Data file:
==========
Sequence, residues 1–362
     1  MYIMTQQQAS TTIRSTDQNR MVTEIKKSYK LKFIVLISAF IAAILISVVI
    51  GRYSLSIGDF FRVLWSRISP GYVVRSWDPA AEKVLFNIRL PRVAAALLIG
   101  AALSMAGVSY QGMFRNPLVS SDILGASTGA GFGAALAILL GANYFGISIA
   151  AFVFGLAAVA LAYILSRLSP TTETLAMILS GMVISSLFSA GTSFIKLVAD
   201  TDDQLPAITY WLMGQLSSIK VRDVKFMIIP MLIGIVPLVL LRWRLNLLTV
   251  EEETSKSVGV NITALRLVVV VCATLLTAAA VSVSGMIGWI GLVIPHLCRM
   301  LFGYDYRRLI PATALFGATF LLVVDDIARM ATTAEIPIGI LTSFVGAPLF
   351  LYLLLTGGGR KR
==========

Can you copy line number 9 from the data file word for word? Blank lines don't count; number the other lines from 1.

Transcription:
   351  LYLLLTGGGR KR